From Washington to the Vatican to Tehran, religion is a public matter as never before, and secular values — individual autonomy, pluralism, separation of religion and state, and freedom of conscience — are attacked on all sides and defended by few. The godly claim a monopoly on the language of morality, while secular liberals stand accused of standing for nothing.
Secular liberals did not lose their moral compass: they gave it away. For generations, too many have insisted that questions of conscience — religion, ethics, and values — are "private matters" that have no place in public debate. Ironically, this ideology hinders them from subjecting religion to due scrutiny when it encroaches on individual rights and from unabashedly advocating their own moral vision in politics for fear of "imposing" their beliefs on others.
In his incisive new book, philosopher Austin Dacey calls for a bold rethinking of the nature of conscience and its role in public life. Inspired by an earlier liberal tradition that he traces to Spinoza and John Stuart Mill, Dacey urges liberals to lift their self-imposed gag order and defend a renewed secularism based on the objective moral value of conscience.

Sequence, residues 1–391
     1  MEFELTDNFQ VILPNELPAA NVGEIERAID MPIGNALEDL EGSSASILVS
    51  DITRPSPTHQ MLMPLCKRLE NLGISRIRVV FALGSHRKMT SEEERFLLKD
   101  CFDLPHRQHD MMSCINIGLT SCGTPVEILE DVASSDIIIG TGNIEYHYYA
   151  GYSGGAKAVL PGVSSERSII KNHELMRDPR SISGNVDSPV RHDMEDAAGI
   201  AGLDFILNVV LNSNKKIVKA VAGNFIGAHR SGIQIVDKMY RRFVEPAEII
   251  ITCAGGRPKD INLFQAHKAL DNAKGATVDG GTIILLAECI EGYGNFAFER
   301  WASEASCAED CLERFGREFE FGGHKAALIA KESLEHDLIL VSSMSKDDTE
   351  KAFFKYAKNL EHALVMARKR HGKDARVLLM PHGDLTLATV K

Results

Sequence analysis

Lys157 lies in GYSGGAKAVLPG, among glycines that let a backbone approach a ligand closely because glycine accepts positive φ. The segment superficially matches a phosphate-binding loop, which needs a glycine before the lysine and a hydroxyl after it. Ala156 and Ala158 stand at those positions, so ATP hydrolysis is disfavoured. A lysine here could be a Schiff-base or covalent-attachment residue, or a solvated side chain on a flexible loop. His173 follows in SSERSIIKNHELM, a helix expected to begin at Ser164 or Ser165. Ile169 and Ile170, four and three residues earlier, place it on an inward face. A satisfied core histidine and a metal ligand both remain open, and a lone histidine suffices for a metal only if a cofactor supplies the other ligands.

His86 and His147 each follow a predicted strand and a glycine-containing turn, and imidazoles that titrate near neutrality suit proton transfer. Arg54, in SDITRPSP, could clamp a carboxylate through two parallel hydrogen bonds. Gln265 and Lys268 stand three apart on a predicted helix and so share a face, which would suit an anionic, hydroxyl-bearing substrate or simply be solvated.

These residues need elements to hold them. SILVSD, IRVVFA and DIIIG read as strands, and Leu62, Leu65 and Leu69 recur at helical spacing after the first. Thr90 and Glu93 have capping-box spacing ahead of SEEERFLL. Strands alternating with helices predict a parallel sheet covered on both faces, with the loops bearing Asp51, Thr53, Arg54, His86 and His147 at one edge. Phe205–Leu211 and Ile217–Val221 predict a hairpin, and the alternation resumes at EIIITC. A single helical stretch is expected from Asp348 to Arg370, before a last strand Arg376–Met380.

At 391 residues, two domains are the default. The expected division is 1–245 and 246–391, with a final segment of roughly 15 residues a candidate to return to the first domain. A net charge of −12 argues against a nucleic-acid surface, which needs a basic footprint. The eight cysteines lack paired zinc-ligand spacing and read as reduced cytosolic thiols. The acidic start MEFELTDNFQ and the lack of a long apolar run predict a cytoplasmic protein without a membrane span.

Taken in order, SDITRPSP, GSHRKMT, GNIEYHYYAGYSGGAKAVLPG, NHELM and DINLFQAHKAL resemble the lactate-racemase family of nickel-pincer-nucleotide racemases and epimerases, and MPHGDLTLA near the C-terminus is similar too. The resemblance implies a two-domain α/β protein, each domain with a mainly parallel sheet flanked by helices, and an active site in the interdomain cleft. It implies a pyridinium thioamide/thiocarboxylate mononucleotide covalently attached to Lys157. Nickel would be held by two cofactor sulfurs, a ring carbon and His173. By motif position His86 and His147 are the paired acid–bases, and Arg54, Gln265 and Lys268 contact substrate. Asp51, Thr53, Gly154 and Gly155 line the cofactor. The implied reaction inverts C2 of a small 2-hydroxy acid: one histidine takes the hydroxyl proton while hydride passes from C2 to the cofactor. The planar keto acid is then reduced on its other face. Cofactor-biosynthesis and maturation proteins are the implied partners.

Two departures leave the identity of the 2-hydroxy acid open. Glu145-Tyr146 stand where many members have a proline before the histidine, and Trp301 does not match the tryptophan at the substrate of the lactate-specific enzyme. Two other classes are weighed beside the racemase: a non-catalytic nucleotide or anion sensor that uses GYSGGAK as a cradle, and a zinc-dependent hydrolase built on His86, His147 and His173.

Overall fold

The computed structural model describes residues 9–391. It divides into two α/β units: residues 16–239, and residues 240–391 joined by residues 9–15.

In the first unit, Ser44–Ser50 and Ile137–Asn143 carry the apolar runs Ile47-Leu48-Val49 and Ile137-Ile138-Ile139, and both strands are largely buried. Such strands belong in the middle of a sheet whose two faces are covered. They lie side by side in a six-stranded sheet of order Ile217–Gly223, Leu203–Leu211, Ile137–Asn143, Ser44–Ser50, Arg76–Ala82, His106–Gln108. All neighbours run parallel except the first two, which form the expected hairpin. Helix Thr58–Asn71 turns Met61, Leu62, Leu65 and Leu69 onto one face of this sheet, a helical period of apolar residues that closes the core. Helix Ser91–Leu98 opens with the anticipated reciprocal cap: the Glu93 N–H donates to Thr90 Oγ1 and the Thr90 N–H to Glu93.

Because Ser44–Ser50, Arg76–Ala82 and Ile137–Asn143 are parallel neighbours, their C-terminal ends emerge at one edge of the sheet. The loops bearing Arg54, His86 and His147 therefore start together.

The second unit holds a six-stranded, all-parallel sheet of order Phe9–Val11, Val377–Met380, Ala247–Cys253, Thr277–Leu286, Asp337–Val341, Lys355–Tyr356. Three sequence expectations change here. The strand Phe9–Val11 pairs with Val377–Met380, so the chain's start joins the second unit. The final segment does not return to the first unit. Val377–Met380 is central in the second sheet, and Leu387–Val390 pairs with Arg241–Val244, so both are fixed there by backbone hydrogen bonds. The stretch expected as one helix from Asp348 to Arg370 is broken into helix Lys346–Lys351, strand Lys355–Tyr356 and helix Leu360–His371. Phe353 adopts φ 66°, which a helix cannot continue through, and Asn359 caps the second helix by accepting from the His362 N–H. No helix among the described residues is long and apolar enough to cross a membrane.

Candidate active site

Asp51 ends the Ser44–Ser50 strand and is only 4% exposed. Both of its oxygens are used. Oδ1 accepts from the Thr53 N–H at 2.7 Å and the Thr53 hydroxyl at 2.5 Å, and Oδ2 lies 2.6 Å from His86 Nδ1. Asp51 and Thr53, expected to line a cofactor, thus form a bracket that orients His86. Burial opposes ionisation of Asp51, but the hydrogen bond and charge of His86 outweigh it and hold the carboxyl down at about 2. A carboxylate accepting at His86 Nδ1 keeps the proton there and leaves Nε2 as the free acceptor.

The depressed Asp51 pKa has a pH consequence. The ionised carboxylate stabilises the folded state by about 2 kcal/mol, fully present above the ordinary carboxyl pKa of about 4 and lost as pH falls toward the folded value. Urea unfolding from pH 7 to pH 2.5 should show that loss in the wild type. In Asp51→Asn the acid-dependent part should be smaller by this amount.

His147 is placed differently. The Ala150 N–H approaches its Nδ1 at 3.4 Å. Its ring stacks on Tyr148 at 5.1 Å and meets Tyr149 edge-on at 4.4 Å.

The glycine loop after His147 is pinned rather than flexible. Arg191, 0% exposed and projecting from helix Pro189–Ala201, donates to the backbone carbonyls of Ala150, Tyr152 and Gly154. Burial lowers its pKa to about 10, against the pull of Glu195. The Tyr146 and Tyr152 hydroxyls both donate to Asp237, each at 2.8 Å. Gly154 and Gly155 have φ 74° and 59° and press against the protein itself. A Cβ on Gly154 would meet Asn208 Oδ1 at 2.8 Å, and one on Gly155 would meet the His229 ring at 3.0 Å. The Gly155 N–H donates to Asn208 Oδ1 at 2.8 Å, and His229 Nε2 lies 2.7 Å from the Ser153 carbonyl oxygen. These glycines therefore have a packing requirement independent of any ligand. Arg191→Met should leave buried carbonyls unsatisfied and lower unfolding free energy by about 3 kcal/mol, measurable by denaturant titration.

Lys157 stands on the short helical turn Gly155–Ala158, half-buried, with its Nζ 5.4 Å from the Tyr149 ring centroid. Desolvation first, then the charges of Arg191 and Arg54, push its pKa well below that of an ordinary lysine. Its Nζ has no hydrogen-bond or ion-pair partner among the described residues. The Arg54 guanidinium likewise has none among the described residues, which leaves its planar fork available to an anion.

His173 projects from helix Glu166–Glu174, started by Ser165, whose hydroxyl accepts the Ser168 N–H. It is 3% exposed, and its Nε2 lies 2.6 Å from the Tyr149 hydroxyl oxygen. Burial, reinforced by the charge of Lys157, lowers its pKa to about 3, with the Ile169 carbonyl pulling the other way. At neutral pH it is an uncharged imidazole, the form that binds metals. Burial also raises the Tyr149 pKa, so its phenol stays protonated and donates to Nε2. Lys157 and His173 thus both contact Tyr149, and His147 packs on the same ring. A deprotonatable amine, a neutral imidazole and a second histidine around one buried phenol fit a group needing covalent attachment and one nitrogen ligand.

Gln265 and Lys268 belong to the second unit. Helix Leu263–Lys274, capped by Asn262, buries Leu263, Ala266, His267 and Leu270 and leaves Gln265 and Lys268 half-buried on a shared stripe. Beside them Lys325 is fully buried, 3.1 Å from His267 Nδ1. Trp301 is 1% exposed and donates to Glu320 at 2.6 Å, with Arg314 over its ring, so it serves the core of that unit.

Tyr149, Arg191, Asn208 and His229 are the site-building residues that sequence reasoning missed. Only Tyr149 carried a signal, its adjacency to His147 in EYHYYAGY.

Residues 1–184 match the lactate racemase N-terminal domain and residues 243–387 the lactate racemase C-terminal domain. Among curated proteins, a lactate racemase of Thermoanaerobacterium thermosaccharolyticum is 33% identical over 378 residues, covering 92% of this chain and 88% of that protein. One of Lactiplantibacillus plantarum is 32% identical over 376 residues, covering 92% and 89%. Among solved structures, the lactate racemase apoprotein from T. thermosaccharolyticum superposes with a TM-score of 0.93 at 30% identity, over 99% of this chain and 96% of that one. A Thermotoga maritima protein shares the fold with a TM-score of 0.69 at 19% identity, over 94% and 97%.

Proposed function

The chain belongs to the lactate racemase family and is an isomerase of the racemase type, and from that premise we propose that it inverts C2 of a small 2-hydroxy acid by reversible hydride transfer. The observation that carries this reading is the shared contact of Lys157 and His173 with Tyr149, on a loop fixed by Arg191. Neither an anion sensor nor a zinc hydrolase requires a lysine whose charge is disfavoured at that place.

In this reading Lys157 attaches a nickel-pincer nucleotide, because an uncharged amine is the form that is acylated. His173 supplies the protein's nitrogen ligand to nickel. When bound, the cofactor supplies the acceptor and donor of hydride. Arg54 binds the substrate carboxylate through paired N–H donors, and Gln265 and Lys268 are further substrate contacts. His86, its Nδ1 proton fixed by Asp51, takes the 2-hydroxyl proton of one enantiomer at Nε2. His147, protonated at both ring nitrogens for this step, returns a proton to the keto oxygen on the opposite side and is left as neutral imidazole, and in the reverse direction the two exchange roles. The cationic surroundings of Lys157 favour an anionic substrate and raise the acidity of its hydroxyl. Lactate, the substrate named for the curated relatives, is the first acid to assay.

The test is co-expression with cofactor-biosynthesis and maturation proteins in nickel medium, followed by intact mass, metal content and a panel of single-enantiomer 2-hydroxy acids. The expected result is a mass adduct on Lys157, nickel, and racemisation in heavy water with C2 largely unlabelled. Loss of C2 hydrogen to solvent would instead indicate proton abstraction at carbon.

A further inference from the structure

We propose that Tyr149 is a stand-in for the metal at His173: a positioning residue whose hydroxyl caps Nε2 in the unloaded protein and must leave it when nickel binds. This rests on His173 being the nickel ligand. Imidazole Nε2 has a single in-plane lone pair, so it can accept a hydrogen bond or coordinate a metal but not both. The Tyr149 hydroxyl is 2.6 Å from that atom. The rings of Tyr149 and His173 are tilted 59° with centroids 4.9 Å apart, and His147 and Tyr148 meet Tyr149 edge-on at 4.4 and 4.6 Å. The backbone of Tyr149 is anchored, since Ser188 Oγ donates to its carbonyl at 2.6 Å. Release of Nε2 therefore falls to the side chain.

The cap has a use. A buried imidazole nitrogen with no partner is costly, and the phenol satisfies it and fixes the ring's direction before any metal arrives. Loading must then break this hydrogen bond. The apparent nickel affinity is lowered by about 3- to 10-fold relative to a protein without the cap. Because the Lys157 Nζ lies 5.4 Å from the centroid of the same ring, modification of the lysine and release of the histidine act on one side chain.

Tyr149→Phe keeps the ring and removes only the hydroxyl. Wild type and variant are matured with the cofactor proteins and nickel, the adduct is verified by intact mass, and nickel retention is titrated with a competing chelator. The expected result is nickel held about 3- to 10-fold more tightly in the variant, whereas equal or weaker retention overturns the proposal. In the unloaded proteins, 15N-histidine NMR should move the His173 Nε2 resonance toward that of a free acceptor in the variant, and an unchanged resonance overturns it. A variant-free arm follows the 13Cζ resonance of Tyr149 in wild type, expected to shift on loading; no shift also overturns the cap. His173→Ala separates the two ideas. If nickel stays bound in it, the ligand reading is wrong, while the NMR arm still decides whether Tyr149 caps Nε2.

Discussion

Dacey compares conscience to the press in an open society: it is protected from coercion and control, not because it is private, but because it has a vital role in the public sphere. It is free, but not liberated from shared standards of truth and right. It must come before any and all faiths, for it is what tells us whether or not to believe. In this way, conscience supplies a shared vocabulary for meaningful dialogue in a diverse society, and an ethical lingua franca in which to address the world.
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Austin Dacey is a representative to the United Nations for the Center for Inquiry in New York City, where he works on issues of science and secular values. He is the author of articles in numerous publications including the New York Times. He holds a doctorate in applied ethics and social philosophy. His Web site is www.austindacey.com.
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